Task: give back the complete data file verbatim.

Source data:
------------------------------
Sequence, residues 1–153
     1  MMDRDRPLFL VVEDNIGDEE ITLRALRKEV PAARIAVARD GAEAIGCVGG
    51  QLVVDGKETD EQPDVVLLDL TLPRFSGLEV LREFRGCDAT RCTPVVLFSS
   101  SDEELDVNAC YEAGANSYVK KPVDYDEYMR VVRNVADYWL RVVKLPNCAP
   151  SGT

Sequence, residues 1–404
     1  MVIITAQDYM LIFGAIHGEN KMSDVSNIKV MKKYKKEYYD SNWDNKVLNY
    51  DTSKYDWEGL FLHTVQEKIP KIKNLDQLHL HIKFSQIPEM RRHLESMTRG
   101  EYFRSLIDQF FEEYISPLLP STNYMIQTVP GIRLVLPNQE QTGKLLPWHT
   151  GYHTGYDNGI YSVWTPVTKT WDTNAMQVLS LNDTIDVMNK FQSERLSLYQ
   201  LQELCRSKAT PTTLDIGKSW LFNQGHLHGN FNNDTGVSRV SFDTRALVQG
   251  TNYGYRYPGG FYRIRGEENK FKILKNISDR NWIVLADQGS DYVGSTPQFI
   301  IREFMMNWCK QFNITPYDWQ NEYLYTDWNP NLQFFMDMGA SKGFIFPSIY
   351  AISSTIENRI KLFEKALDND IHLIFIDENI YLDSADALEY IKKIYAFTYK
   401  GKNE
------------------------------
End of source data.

Sequence, residues 1–153
     1  MMDRDRPLFL VVEDNIGDEE ITLRALRKEV PAARIAVARD GAEAIGCVGG
    51  QLVVDGKETD EQPDVVLLDL TLPRFSGLEV LREFRGCDAT RCTPVVLFSS
   101  SDEELDVNAC YEAGANSYVK KPVDYDEYMR VVRNVADYWL RVVKLPNCAP
   151  SGT

Sequence, residues 1–404
     1  MVIITAQDYM LIFGAIHGEN KMSDVSNIKV MKKYKKEYYD SNWDNKVLNY
    51  DTSKYDWEGL FLHTVQEKIP KIKNLDQLHL HIKFSQIPEM RRHLESMTRG
   101  EYFRSLIDQF FEEYISPLLP STNYMIQTVP GIRLVLPNQE QTGKLLPWHT
   151  GYHTGYDNGI YSVWTPVTKT WDTNAMQVLS LNDTIDVMNK FQSERLSLYQ
   201  LQELCRSKAT PTTLDIGKSW LFNQGHLHGN FNNDTGVSRV SFDTRALVQG
   251  TNYGYRYPGG FYRIRGEENK FKILKNISDR NWIVLADQGS DYVGSTPQFI
   301  IREFMMNWCK QFNITPYDWQ NEYLYTDWNP NLQFFMDMGA SKGFIFPSIY
   351  AISSTIENRI KLFEKALDND IHLIFIDENI YLDSADALEY IKKIYAFTYK
   401  GKNE